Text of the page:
LeBron re­turns to LA to plot his next move as free agency nears

The Charlotte Observer (Sunday) - - Sports - BY TOM WITHERS As­so­ci­ated Press

LeBron James flew back to Los An­ge­les from a fam­ily va­ca­tion in the Caribbean. He could be there longer than usual.

Hours be­fore NBA free agency opened with the three-time cham­pion as its most coveted prize, James re­turned Satur­day to South­ern Cal­i­for­nia, where he has two homes and a film pro­duc­tion com­pany. The Lak­ers are hop­ing they can per­suade him to sign with them and re­turn them to glory.

Los An­ge­les is among the teams in the mix to land James af­ter his agent told the Cleve­land Cava­liers on Fri­day that he will not ex­er­cise his $35.6 mil­lion con­tract op­tion for next sea­son. At 12:01 a.m. Sun­day, James will be an un­re­stricted free agent, and agent Rich Paul is ex­pected to con­tact sev­eral teams with the Lak­ers and Cavs atop his list.

By de­clin­ing his op­tion, James po­si­tioned him­self to be able to choose where he’ll play next, and Cleve­land, just up the road from his home near Akron, re­mains a strong pos­si­bil­ity. But there are at least three other teams – and maybe an out­sider or two – with le­git­i­mate shots at land­ing James, who made it clear fol­low­ing this year’s NBA Finals that he’s still driven to win cham­pi­onships.

Here are the cases — for and against – the lead­ing con­tenders:


WHY: Home; money.

James came back four years ago to a hero’s wel­come, some­thing that seemed unimag­in­able when he left in dis­grace four years ear­lier for Mi­ami. But he vowed to do ev­ery­thing he could to de­liver a ti­tle to cham­pi­onship-starved Cleve­land.

He delivered in 2016, eras­ing past sins and rais­ing James to a wor­shipped level few ath­letes in any sport have ex­pe­ri­enced. His fam­ily is com­fort­able here and it’s where he has com­plete con­trol.

The Cavs can also of­fer him the most lu­cra­tive pack­age, a five-year, $209 mil­lion con­tract.

WHY NOT: Flawed ros­ter; blem­ished re­la­tion­ship with owner Dan Gil­bert.

Last sum­mer’s stun­ning trade of guard Kyrie Irv­ing left the Cavs with­out a qual­ity run­ning mate for James, who was forced to carry a heav­ier of­fen­sive load through­out the reg­u­lar sea­son and play­offs.

Cleve­land has deep salary-cap is­sues — par­tially caused by James’ fail­ure to com­mit longterm — and the Cavs cur­rently lack enough tal­ent to un­seat the cham­pion Golden State War­riors.

Gil­bert and James mended some fences for his re­turn in 2014, but they re­main dis­tant other than a shared com­mit­ment to win­ning. Gil­bert has gone above and be­yond fi­nan­cial bar­ri­ers to ap­pease James, but the well could be run­ning dry.


WHY: Salary-cap space; busi­ness in­ter­ests; iconic fran­chise.

With some savvy moves, the Lak­ers are poised to po­ten­tially add two su­per­stars — James and Paul Ge­orge and maybe Kawhi Leonard – to a team fea­tur­ing up-and-com­ing tal­ents like Kyle Kuzma, Bran­don In­gram and Lonzo Ball, who is re­port­edly deal­ing with a knee in­jury.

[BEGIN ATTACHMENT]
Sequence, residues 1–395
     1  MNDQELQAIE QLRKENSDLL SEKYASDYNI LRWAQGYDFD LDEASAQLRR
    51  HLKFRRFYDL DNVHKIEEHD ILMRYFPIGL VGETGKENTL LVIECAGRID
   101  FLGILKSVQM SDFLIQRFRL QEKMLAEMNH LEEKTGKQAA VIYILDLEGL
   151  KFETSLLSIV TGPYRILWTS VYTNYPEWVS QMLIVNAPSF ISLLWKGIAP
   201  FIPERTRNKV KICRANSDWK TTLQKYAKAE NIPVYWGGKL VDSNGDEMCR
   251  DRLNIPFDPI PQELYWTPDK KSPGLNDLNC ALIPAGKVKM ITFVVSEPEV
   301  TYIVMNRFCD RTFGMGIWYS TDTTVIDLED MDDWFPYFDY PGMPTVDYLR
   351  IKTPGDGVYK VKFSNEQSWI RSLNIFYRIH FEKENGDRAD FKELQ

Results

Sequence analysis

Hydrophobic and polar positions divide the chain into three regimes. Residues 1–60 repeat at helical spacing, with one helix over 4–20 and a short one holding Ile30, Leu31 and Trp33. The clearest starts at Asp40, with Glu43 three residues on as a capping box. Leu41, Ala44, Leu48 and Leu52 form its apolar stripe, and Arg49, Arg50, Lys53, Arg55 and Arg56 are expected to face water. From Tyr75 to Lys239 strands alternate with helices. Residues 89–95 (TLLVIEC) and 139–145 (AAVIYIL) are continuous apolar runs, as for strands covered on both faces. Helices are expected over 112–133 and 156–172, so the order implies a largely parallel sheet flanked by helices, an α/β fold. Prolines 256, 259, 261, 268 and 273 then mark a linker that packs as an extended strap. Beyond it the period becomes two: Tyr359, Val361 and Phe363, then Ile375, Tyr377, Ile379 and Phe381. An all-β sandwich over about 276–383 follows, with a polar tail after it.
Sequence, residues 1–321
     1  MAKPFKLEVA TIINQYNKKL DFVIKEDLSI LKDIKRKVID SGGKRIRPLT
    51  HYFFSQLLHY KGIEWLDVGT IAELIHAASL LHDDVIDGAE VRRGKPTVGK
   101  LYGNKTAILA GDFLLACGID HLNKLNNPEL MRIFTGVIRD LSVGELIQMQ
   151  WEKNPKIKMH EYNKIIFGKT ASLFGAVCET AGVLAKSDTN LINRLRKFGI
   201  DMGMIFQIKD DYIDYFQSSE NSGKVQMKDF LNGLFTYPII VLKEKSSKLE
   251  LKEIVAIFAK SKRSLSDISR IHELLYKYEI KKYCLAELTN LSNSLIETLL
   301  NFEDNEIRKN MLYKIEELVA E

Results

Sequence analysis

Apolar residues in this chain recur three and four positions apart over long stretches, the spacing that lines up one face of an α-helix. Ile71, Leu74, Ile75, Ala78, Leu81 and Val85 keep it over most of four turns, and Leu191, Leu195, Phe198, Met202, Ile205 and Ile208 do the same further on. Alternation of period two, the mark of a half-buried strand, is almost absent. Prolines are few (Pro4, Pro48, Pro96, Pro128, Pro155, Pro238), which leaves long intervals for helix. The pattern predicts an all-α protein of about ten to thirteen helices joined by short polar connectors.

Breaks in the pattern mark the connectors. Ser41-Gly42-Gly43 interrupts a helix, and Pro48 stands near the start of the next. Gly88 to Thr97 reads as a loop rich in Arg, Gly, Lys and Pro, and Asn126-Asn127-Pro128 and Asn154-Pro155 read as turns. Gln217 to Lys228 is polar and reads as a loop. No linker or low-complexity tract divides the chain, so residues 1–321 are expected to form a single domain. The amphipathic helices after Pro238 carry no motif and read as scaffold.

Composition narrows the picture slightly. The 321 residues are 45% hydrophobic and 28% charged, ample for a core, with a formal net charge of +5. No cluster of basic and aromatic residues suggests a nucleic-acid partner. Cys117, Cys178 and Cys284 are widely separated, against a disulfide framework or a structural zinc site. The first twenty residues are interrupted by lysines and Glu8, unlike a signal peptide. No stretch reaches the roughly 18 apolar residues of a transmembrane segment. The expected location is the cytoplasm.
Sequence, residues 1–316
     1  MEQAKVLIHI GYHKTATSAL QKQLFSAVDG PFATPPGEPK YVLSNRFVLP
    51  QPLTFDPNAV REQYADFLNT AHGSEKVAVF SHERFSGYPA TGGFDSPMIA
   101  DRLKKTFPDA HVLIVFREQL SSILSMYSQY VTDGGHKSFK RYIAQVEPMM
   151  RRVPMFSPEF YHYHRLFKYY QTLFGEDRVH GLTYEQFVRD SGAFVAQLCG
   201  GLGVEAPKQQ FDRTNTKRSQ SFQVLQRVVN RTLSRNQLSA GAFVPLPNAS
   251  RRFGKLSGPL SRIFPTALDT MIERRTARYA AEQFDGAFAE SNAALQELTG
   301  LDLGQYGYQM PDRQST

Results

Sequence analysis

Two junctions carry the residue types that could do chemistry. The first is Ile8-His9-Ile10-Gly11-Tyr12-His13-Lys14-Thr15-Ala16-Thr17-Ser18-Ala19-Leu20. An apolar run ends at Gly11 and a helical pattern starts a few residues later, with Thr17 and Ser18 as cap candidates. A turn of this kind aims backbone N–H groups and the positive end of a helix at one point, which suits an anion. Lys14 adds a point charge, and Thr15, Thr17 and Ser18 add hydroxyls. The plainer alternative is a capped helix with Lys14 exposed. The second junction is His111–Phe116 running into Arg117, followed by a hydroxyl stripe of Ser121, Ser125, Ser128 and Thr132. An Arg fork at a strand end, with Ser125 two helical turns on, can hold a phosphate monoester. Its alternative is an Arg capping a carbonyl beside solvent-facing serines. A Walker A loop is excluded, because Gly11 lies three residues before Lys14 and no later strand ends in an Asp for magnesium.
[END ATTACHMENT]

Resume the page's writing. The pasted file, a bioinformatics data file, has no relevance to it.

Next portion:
James loves the Hol­ly­wood lights, and with two homes in the Los An­ge­les area as well as a film pro­duc­tion com­pany, he has al­ready es­tab­lished some roots in the land of movie stars and slow-mov­ing traf­fic. The ap­peal of play­ing for one of the league’s most sto­ried teams is an­other al­lure.

WHY NOT: Youth; the Western Con­fer­ence.

There’s lit­tle doubt James has some qual­ity years ahead of him. But does he have enough time to let a group of un­proven play­ers with no post­sea­son ex­pe­ri­ence de­velop into a ti­tle con­tender? And if he jumps con­fer­ences for the first time in his ca­reer, the path to the Finals is far more treach­er­ous.


WHY: Ris­ing team; stay­ing in the East.

In Six­ers guard Ben Sim­mons, James sees a younger ver­sion of him­self and he’d rel­ish the chance to play along­side the 21year-old while men­tor­ing him. The Six­ers also have cen­ter Joel Em­biid, 24, pro­jected to be­come the game’s next dom­i­nant big men. Philadel­phia would in­stantly vault from con­fer­ence con­tender to fa­vorite with James, who could make a strong run at his ninth straight Finals in Year One.

WHY NOT: Too young; front-of­fice dys­func­tion.

Much like the Lak­ers, the Six­ers lack post­sea­son ex­pe­ri­ence and James would be sur­rounded by play­ers who have barely tasted the post­sea­son. Gen­eral man­ager Bryan Colan­gelo’s res­ig­na­tion fol­low­ing an in­ves­ti­ga­tion into whether he cre­ated Twit­ter ac­counts to crit­i­cize his own play­ers, has given the im­pres­sion that the team isn’t op­er­at­ing in con­cert and then would turn off James quickly.



Hous­ton: While the Rock­ets once seemed a good fit, James de­clin­ing his op­tion all but elim­i­nated the chances of him join­ing up with close friend Chris Paul and MVP James Harden. If James had opted in with the Cavs, they could have worked out a sig­nand-trade with Hous­ton. San An­to­nio: James reveres Spurs coach Gregg Popovich, but liv­ing in Texas doesn’t seem ap­peal­ing to the star’s fam­ily and the Spurs are still try­ing to fig­ure out what to do with Leonard, who can be­come a free agent af­ter next sea­son.

HEC­TOR AMEZCUA [email protected]

The Cava­liers can of­fer LeBron James the most lu­cra­tive pack­age of all his suit­ors, a five-year, $209 mil­lion con­tract.

The Los An­ge­les Lak­ers are poised to po­ten­tially add LeBron James and Paul Ge­orge, above, and maybe Kawhi Leonard.

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